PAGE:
The federal government today expanded its Home Affordable Refinance Program so home owners who owe more than their homes are worth can refinance into lower interest rate loans — as long as their original mortgage was guaranteed or owned by Fannie Mae or Freddie Mac.
Since its start in March of 2009, HARP has helped 838,000 Fannie Mae and Freddie Mac borrowers refinance home loans worth 80% to 125% of the value of their homes. Now, there will be no upper limit on how much the refinanced mortgage can exceed your home’s value if you opt for a fixed-rate loan, a change the government hopes will result in twice as many HAMP refinances.
To refinance using HARP, you must:
- The mortgage must have been sold to Fannie Mae or Freddie Mac on or before May 31, 2009.
- You can’t have used the HARP program already (there is an exception for Fannie Mae loans refinanced under HARP from March through May, 2009).
- The amount you owe on your mortgage must be 80% or more than your home’s value (you can’t use this program if you have more than 20% equity in your home).
- You can’t have any late payments in the past six months and you can’t have more than one late payment in the past 12 months.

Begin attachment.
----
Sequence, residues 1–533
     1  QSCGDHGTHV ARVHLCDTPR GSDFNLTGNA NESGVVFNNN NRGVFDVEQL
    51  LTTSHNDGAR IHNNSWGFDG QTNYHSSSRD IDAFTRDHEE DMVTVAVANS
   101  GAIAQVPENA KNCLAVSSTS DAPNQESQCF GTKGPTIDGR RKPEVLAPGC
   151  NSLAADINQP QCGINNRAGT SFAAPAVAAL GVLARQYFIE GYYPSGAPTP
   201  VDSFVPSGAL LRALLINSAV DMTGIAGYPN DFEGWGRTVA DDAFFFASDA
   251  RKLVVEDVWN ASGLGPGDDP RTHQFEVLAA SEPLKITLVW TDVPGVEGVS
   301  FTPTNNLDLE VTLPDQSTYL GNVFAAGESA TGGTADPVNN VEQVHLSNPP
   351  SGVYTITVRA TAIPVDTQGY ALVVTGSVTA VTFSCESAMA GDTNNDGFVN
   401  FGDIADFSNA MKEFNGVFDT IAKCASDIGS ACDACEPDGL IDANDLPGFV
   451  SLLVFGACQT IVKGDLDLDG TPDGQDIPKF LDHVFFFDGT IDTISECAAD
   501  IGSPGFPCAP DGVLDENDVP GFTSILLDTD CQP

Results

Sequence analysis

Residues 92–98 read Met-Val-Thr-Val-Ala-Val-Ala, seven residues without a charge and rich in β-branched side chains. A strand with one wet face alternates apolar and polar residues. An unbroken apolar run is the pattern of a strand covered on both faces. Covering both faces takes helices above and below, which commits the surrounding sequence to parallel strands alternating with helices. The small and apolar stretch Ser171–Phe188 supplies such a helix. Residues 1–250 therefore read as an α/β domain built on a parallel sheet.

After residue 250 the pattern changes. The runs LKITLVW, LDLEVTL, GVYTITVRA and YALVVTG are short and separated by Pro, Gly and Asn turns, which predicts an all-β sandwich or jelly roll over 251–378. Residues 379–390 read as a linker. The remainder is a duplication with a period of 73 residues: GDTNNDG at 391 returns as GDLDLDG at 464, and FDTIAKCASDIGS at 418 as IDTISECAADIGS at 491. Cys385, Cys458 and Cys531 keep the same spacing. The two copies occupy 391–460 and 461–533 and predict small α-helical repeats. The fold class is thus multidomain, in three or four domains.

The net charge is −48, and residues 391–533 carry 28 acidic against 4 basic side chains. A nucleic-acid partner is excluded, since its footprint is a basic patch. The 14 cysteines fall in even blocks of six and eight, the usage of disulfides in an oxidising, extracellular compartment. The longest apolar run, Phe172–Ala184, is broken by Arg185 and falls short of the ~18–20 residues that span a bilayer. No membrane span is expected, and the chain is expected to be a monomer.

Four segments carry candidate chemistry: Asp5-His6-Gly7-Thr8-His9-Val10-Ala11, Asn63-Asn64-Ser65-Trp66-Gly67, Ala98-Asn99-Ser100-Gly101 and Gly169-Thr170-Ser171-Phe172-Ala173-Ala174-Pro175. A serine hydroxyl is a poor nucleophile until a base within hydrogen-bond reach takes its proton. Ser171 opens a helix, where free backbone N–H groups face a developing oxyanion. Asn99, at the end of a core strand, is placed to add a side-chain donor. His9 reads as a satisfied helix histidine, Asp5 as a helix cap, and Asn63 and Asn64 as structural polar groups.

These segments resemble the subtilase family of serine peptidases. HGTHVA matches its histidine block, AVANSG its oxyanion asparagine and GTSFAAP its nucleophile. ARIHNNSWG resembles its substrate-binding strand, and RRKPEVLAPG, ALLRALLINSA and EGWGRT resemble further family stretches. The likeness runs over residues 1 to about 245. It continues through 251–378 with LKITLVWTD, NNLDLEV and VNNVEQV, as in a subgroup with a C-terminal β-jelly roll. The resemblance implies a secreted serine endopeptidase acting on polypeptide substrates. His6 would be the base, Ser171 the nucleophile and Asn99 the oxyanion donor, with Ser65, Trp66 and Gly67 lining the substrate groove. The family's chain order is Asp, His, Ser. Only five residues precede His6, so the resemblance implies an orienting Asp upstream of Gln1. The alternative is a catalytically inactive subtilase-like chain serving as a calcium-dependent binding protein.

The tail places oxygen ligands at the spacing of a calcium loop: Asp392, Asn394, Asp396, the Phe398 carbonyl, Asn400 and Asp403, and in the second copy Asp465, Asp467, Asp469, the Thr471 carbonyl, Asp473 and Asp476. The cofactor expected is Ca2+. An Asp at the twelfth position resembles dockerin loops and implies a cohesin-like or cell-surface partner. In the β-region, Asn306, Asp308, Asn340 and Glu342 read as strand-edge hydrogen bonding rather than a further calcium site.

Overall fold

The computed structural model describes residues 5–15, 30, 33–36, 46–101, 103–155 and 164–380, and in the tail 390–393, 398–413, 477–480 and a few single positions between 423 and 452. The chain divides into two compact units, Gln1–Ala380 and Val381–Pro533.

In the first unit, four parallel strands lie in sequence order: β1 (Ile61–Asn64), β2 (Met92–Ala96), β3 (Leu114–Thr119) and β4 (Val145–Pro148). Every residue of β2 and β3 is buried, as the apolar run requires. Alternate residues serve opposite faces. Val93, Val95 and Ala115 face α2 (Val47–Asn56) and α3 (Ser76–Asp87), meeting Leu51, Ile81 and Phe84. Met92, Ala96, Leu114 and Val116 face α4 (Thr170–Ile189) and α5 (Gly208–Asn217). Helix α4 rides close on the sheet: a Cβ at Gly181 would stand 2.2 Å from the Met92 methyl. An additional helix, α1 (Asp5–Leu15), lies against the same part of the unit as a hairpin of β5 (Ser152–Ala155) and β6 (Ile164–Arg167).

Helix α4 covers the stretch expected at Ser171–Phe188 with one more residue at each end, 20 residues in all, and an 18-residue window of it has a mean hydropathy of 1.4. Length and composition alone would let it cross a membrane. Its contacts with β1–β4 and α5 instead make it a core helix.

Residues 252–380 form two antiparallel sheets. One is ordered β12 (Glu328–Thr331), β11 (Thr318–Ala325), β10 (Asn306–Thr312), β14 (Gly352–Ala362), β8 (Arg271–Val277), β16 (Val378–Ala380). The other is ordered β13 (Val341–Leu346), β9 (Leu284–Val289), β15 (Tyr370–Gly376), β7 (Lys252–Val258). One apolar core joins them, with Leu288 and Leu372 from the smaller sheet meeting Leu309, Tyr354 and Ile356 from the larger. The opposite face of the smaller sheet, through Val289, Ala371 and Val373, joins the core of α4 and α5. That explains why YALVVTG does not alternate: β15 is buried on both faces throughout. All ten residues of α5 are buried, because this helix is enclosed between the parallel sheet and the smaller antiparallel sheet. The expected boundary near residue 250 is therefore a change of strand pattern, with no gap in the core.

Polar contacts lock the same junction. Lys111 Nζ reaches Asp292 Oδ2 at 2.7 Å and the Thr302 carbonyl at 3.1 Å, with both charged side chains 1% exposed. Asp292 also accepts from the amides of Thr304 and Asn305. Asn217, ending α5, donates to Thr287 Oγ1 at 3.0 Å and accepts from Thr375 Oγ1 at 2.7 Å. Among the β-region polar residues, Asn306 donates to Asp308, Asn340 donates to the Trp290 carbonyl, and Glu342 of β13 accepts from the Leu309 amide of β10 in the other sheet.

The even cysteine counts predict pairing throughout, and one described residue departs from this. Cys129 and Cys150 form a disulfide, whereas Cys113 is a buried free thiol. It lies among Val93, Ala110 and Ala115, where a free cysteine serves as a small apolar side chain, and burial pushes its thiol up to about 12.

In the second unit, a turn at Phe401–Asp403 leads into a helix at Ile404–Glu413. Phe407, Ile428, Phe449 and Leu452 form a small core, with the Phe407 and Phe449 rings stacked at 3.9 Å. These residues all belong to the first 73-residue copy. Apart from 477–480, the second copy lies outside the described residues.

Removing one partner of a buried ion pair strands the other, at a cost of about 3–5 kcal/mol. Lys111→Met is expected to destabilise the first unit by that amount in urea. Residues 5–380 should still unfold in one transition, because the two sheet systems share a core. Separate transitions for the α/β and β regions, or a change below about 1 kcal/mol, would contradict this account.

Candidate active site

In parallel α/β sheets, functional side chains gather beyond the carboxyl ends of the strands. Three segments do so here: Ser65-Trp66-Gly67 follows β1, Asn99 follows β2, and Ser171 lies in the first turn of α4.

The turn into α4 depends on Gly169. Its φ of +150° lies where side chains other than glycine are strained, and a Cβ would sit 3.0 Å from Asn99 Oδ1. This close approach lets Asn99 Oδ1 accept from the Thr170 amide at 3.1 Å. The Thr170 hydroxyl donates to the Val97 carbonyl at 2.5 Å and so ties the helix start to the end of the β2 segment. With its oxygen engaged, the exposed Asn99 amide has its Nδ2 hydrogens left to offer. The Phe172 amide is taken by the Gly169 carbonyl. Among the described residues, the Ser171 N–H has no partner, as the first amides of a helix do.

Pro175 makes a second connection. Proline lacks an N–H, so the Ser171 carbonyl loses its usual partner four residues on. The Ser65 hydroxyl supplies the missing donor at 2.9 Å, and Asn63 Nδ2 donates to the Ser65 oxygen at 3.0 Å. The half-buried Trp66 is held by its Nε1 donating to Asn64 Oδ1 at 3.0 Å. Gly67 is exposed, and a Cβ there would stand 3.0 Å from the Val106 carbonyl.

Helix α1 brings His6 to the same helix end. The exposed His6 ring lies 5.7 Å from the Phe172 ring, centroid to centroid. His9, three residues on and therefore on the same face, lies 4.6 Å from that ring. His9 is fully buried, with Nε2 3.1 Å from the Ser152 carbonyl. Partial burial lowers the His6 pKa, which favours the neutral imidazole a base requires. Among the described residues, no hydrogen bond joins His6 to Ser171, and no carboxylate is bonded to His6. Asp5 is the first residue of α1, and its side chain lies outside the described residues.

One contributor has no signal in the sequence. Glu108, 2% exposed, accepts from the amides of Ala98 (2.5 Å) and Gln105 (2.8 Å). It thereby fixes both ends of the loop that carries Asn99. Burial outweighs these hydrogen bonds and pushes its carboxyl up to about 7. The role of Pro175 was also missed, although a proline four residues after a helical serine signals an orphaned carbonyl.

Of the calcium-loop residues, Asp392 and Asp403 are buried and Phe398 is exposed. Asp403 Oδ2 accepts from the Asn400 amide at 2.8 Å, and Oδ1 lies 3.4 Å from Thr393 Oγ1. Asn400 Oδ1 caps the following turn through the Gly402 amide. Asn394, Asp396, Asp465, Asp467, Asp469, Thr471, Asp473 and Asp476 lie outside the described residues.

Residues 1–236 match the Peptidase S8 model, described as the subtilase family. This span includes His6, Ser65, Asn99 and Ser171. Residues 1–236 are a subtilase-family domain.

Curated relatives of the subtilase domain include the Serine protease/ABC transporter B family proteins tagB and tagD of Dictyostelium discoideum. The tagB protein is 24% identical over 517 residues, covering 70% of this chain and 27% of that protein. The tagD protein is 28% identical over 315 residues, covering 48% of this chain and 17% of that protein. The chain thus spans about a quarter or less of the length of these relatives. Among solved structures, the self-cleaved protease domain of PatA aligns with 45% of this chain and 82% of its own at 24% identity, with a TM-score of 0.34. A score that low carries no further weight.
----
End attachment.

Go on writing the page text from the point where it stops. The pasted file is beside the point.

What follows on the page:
Home owners who meet those eligibility criteria can contact their existing lender, or any other lender offering HARP loans, to start the refinance process.
There’s no limit to how much your mortgage can be over your home’s current value if you refinance into a fixed-rate loan, but if your new loan is an adjustable-rate mortgage, you can’t refinance for more than 105% of the value of your home using HARP.
The cost to use HARP has also been lowered in two ways. First, you will not have to get a full appraisal if Fannie Mae or Freddie Mac can get an automated appraisal of your home. Second, loan fees that borrowers had been paying to use HARP to refinance into shorter-term mortgages have been eliminated.
Fannie Mae CEO Michael Williams said that while HARP is only one refinancing program, “it is a critical one for those home owners who may be underwater on their mortgage and facing difficult decisions during these tough economic times.”